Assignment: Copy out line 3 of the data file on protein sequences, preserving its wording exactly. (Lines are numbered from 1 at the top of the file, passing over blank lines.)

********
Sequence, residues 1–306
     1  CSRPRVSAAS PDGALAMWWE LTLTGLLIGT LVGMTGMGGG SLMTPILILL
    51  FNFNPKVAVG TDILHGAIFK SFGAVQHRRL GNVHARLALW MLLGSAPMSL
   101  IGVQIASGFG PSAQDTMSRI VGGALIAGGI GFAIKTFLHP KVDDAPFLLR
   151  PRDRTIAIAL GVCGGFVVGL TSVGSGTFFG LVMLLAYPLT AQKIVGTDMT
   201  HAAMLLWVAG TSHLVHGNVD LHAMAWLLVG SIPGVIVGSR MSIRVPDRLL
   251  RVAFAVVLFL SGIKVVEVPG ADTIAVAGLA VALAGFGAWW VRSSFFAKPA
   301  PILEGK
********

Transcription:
    51  FNFNPKVAVG TDILHGAIFK SFGAVQHRRL GNVHARLALW MLLGSAPMSL